Bianna, I mean this is the core of the Ukraine issue here.

GOLODRYGA: Right.

SCIUTTO: In effect you have the Ukrainian president confirming that a strategic part of the U.S. was blocking the aid here, with effect.

GOLODRYGA: And remember -- remember he's doing this from the vantage point of being a president of Ukraine, as well as speaking to the rest of the world. So for his own people, obviously it makes sense that he can't say we were beggars, we would have done anything for this aid, correct? We would have done anything for this money.

That having been said, he makes a key point, we were promised aid. We are strategic partners. We are fighting an existential threat coming from what is a threat to the United States as well ultimately as -- in being Russia, and that aid was cut off for no reason and at a time when it was crucial for -- for not only to get the aid -- the aid to show Russia that the aid came through, but also from a symbolic standpoint. Remember, he also didn't get that meeting that he wanted with Donald Trump at the Oval Office.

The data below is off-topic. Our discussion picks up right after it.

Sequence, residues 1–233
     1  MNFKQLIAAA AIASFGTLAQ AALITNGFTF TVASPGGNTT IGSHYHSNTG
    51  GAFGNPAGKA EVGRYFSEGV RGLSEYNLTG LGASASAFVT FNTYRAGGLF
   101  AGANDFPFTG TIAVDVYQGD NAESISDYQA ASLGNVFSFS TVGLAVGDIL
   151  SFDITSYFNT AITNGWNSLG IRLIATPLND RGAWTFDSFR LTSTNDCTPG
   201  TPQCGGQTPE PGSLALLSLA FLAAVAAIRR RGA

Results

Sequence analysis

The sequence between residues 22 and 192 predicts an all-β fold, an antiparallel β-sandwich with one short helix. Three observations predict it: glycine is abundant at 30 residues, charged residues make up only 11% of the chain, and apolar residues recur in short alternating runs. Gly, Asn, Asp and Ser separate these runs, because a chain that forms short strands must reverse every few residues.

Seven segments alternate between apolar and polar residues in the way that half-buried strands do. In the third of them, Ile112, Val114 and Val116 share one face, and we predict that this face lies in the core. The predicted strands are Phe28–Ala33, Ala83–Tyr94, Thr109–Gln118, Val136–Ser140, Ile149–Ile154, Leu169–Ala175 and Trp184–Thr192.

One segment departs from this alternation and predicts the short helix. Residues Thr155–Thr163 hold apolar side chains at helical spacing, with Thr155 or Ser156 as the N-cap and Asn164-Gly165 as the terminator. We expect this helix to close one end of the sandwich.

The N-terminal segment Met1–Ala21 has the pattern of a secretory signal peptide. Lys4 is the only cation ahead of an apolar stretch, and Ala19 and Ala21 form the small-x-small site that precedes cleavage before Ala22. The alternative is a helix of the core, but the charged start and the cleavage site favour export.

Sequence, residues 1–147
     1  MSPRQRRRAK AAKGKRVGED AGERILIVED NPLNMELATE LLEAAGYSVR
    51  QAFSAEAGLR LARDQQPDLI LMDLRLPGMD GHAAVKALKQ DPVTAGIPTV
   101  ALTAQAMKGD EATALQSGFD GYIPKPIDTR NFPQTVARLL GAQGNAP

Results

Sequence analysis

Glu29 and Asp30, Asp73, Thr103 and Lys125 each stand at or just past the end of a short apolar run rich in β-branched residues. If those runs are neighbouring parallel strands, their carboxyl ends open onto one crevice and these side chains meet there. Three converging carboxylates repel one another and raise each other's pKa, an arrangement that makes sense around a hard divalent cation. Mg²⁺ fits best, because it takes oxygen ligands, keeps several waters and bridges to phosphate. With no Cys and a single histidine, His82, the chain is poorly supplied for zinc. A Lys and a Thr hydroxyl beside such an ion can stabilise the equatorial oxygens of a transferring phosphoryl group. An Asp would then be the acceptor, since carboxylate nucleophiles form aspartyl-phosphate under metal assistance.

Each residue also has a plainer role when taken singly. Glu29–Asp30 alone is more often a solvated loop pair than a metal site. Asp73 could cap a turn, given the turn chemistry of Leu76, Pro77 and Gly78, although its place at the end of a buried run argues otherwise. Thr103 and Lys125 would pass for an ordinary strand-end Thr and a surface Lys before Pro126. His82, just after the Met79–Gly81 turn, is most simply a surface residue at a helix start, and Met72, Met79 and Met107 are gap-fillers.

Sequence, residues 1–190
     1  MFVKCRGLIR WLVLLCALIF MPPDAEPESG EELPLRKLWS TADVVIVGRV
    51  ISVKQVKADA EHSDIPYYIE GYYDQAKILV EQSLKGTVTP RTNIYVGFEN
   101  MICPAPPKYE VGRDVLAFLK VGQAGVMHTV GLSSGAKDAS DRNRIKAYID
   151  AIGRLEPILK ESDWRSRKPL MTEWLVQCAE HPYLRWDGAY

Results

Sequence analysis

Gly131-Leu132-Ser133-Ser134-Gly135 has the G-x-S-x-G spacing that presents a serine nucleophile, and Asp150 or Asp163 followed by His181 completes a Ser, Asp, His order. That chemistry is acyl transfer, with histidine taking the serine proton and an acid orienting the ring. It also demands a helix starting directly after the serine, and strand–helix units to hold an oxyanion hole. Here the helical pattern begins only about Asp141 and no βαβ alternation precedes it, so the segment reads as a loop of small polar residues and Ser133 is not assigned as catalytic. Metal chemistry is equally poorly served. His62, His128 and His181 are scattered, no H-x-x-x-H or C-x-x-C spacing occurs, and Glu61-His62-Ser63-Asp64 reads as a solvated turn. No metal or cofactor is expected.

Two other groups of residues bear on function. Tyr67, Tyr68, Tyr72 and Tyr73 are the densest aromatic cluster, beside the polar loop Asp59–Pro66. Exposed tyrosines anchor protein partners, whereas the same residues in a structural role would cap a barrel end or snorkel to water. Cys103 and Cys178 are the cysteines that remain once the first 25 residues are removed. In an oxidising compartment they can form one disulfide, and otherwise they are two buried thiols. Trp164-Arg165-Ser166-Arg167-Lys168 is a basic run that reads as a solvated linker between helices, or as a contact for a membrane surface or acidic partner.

And to go back to the Financial Times article and the point that Senator Kennedy seemed to be alluding to, the U.S. editor of the Financial Times this morning said that they went back and scoured all of the publications. Not once did they print anything that suggested that Ukraine interfered or Ukrainian politics interfered or colluded with Hillary Clinton.

But the fact that we're spending so much time trying to debunk --

SCIUTTO: It worked, right.

GOLODRYGA: All of these allegations, it worked. It's what we're doing.

SCIUTTO: Disinformation worked.